The Proposition 65 Interim BPA warning regulation that allows companies to rely on a generic warning posted in California retail establishments will sunset on December 30, 2017. Food and beverage companies that have BPA containing packages in California and that have been relying on the interim BPA warning regulation for compliance should reassess their Proposition 65 warning obligations prior to December 31, 2017.

By way of brief background, effective May 11, 2016, OEHHA started requiring warnings for consumer products containing BPA under the Safe Drinking Water and Toxic Enforcement Act of 1986 (also known as Proposition 65 or Prop 65). Due to the high percentage of the canned and bottled food and beverages that were packaged with BPA-containing materials in California at that time, OEHHA adopted an emergency regulation that allowed the temporary use of a standard point-of-sale warning message (e.g., posting of warnings at checkout stands in retail stores) for BPA. In July 2016, OEHHA proposed an interim rule that essentially extended the temporary regulation through December 30, 2017. The interim regulation also required food companies that exercised this option to provide OEHHA with a list of all food products in which BPA was intentionally used in the manufacture of the can lining or jar or bottle seals.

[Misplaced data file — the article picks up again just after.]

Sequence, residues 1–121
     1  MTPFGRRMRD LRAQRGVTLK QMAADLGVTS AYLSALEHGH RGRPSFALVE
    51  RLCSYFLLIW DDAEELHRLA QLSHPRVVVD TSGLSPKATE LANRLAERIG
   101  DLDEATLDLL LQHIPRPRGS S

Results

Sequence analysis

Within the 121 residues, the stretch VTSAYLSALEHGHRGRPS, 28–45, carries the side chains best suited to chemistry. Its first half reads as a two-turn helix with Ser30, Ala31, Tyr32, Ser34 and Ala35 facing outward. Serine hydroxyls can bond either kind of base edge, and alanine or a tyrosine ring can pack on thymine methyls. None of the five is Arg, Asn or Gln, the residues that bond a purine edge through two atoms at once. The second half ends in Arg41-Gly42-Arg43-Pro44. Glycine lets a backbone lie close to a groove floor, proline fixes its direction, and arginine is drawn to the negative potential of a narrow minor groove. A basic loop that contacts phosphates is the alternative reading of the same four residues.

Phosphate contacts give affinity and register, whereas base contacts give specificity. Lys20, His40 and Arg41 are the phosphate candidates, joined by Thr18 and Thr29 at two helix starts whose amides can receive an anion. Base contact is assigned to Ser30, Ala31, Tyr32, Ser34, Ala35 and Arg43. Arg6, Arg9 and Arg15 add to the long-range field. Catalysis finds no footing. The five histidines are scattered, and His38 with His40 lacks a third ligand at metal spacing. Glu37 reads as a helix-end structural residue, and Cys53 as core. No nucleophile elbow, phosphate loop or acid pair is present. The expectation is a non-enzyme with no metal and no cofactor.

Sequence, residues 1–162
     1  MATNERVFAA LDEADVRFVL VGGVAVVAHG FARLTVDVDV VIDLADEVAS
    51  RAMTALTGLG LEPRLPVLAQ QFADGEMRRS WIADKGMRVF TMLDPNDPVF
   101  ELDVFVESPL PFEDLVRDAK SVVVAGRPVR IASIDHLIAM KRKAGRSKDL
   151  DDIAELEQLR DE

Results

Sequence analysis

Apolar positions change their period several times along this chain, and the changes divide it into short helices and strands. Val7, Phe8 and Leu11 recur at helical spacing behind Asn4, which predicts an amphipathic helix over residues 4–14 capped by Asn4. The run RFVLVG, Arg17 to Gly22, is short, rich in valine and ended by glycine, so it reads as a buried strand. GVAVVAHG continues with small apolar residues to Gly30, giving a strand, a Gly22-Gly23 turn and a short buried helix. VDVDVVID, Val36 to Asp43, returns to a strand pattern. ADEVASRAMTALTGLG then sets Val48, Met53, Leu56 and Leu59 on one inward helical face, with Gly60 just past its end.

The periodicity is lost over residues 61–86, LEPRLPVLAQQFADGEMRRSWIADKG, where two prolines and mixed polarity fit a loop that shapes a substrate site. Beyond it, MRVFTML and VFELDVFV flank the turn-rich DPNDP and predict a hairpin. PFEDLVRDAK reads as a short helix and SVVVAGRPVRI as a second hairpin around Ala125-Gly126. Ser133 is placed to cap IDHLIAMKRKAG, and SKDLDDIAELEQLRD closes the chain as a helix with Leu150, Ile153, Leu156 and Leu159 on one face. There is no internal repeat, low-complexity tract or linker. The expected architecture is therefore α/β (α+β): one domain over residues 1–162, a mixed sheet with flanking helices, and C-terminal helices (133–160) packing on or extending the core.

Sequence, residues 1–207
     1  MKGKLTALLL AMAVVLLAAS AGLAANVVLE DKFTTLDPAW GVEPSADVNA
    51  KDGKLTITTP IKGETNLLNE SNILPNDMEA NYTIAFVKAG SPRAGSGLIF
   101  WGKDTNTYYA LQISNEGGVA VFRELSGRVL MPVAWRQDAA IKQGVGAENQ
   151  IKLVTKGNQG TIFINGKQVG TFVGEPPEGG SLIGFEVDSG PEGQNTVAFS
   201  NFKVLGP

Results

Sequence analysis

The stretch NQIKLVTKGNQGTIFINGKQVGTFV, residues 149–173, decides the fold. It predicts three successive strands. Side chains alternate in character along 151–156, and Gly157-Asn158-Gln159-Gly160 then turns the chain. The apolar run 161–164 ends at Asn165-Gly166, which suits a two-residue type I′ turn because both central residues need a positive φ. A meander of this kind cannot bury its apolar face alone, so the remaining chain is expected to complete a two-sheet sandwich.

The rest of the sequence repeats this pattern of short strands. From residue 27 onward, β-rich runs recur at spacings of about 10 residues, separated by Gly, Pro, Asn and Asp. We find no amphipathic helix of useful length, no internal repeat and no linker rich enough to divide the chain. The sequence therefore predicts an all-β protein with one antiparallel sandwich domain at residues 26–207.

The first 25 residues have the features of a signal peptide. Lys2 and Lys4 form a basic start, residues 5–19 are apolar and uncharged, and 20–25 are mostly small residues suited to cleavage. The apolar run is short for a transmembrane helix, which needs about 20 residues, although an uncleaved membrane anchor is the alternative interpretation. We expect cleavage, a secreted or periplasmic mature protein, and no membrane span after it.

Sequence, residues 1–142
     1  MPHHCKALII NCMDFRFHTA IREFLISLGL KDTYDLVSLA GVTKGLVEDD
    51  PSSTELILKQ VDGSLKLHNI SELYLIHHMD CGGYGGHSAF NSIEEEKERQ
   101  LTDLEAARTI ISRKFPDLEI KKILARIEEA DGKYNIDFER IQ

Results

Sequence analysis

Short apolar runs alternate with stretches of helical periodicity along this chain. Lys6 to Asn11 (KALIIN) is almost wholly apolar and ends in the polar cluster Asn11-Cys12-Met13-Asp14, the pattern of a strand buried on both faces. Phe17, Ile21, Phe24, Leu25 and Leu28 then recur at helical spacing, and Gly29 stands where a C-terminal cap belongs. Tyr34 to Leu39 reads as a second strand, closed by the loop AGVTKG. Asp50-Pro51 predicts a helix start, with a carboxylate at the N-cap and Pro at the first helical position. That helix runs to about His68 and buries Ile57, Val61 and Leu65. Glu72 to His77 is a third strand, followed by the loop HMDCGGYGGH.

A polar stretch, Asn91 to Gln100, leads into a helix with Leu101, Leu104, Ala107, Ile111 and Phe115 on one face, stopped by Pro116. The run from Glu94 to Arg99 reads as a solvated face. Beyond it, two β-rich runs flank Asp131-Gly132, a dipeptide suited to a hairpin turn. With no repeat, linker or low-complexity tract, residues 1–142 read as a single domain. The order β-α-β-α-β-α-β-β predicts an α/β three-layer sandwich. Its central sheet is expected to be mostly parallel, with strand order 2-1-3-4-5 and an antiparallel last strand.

As of today, there are a total of over 23,000 entries of canned or bottled food products listed in the publicly-accessible OEHHA database for products packaged with BPA-containing materials. The sheer number of listed products in the database suggests that many food and beverage companies have been relying on the interim BPA warning regulation for compliance. On December 31, 2017, those food and beverage companies with products listed in the OEHHA database that have not phased out the use of BPA in their packaging should assess their options for compliance with Proposition 65. Companies should consult with legal counsel when assessing whether they will have an obligation to provide a Prop 65 warning and if so, the type of warning that should be required.